This weekend MVSTA is hosting the Methow Valley Pursuit – two days of Nordic ski races. Today is a skate race with skiers going the 30k from Mazama to Winthrop. It is a slow course today with lots of new snow and more falling during the race. Yesterday was the classic race that began and ended at Winthrop’s Town Trailhead. During the race I helped with traffic control where the trail crosses Twin Lakes Road. In between cars, I made a few images.

 

 

Nicely groomed trails ready for racers and other skiers

 

This fellow biked up from town

 

He just wanted to go skiing. The course was open to any skiers – we just asked that they watch out for the racers

 

And off he goes

 

Lots of really excellent racers in this field

 

 

 

Great fashions

 

All ages

 

And always – having fun!

 

 

 

This week, Mother Nature has brought our valley some wonderful airy powder snow! What a delight. So light, easy to shovel. One lady said she used her leaf blower to get it off her porch.

Neighbor Shelley asked me this afternoon if it was alright if she started some classic ski tracks across our hillside. Oh Yeah. She and her dogs were soon scooting through the spindrift snow as more was coming down. A little while later I moved myself away from the computer and went in search of the old fish scale classic skis and the glide wax and then had to look  for the poles before finding them out in the shop with a hoard of other ski poles. We could outfit a few skiers with our outdated equipment.

And the dogs wanted to go along. They already had a morning walk. And Luna and I had done some skate skiing in the soft snow at Big Valley this morning too. That was a real effort. So off we went, up our trail and then along the road to a vacation house where we found Shelley’s tracks coming from the other side of the hill. It was a bit much for Sam, the brown dog, so I thought maybe a shortcut back home would be a good idea. It was quite a pull up a steep hillside but eventually the old dogs made it up and then we were on our regular trail heading downhill towards home. The dogs will sleep well tonight.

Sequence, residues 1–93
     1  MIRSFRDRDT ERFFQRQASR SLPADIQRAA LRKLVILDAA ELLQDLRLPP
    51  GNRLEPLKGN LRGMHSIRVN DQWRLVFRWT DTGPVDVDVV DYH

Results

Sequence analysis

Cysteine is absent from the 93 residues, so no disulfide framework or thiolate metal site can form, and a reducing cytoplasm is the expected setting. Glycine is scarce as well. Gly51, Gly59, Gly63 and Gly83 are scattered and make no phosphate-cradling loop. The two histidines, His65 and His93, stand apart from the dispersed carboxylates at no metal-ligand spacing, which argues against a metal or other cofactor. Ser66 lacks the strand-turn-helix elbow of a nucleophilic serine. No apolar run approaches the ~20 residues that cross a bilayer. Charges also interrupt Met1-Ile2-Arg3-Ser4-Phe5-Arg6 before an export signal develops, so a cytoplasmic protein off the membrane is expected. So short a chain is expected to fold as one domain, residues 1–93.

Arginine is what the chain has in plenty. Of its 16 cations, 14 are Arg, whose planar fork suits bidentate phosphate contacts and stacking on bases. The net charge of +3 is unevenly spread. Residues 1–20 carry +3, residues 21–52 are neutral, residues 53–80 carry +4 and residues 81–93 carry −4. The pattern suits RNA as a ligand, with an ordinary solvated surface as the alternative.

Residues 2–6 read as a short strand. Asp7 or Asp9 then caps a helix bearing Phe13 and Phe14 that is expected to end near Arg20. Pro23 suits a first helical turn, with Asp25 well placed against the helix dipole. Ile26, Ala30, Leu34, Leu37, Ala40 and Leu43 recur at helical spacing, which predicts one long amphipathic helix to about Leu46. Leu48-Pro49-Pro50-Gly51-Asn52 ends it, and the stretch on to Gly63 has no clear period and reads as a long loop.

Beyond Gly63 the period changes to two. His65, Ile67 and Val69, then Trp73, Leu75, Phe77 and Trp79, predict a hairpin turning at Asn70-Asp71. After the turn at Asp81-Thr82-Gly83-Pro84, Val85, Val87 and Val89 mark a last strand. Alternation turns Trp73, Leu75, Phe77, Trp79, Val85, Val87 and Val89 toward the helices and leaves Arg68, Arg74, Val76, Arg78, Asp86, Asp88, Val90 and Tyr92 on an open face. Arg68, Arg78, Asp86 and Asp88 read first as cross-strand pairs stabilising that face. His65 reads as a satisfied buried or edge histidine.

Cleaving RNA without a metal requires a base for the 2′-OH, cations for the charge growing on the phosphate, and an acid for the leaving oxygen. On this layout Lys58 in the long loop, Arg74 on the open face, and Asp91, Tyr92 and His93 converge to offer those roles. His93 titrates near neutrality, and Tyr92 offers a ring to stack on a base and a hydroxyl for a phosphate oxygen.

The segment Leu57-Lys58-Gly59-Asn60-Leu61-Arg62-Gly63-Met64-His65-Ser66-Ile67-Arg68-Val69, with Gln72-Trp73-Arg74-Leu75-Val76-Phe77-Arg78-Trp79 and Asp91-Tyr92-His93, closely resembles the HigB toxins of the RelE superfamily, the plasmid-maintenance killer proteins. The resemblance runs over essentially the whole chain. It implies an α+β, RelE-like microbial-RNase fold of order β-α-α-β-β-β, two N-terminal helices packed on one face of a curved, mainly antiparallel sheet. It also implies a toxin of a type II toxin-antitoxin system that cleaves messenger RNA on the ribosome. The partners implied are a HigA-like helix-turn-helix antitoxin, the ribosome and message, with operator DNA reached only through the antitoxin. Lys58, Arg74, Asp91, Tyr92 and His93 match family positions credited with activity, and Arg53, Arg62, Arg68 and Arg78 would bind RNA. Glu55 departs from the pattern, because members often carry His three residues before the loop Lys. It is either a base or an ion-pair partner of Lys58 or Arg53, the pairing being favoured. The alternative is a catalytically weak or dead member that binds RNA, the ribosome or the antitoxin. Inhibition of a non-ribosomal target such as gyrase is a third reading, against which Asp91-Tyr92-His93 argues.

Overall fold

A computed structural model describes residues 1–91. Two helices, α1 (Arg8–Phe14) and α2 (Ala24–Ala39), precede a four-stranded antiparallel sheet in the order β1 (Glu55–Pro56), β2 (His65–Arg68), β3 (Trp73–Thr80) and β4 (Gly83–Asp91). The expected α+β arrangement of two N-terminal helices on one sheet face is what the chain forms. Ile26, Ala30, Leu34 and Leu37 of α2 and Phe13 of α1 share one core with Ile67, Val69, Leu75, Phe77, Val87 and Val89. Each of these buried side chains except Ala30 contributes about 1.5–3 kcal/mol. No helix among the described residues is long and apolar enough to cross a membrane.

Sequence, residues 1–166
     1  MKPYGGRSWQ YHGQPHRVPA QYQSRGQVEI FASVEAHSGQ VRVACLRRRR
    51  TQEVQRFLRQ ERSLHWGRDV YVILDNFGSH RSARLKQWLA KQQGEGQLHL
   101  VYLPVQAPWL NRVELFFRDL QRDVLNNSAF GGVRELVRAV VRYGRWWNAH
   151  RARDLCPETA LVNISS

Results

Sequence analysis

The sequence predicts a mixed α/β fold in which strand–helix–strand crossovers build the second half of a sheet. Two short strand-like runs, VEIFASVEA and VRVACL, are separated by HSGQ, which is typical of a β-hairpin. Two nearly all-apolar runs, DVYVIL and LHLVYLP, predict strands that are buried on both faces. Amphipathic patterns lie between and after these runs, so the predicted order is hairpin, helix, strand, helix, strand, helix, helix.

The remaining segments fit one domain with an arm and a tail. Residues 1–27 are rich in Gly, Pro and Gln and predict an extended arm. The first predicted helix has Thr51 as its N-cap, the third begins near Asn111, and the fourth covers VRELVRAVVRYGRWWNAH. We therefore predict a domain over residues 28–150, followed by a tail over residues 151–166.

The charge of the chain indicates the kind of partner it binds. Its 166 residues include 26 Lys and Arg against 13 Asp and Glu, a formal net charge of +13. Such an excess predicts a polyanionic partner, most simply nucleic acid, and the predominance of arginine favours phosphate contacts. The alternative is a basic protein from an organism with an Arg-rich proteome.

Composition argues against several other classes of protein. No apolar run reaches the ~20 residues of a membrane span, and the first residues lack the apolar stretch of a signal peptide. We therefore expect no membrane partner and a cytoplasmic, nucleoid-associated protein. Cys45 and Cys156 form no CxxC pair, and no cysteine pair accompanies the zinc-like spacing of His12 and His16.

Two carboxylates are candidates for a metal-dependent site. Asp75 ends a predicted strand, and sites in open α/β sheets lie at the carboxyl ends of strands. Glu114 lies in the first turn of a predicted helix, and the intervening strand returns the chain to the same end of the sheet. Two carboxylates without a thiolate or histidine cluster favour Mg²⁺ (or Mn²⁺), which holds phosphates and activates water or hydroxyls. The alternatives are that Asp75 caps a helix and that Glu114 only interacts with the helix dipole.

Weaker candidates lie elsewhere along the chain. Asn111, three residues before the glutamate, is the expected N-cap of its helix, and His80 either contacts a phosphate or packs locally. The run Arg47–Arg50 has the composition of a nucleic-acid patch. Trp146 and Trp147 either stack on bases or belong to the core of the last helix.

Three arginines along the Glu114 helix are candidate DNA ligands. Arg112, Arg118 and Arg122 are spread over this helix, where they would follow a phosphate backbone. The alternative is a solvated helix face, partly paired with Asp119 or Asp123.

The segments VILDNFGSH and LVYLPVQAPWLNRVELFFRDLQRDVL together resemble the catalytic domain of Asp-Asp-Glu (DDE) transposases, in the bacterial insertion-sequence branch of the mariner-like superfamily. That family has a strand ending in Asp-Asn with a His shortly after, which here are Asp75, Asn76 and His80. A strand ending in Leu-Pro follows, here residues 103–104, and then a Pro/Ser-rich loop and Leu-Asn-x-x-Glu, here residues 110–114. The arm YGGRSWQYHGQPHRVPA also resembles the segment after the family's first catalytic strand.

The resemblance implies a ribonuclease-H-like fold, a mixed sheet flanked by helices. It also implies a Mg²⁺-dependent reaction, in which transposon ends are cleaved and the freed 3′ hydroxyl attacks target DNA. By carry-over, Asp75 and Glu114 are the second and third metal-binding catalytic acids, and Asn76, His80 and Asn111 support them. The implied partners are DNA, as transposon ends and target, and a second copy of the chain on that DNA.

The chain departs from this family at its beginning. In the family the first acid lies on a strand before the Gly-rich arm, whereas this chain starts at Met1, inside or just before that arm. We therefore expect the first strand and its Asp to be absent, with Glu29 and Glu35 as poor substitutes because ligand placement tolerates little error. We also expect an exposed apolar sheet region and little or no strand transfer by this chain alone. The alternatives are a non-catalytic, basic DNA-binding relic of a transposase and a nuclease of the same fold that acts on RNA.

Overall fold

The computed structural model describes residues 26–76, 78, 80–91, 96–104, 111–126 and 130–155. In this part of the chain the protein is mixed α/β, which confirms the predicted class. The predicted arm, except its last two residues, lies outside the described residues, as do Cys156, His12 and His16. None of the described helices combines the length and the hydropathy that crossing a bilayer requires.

Gliding through the powder!

 

 

 

Kelly can barely see or hear. She’s a real trooper. And nearly 14! Her birthday is Valentines Day.

 

Sam wants to go. She will will herself to go despite old age and arthritis

 

And Luna. Can you see me?

 

Our little camper is in that barn with the plastic doors. Waiting for summer.

 

Whoosh whoosh whoosh!

 

Kelly is thinking. Home is right over there. Put the camera away and let’s get going. It’s nearly dinner time and I need to lay down for a while.

 

Home

 

 

 

 

 

At this time of year, late afternoon is 3:00 p.m. Hardly seems right. With the low angle of the sun, it lasts a while making for some good photo opportunities depending on the location. Yesterday my friend and I went birding to the Okanogan and while we dipped on our target wintering species, at the end of the day we did find a new place to explore – McLaughlin Canyon. Ken’s told me about it in the past, insisting that it’s a place I’d like and of course, he was right. We stumbled upon it from the east, coming from Tunk Valley, going up and over a divide and then dropping into this amazing rock walled chasm. The late afternoon light colored the rock walls with oranges and yellows, shadowed by burnt snags from wildfires in the not too distant past. A tiny Canyon Wren completed the scene.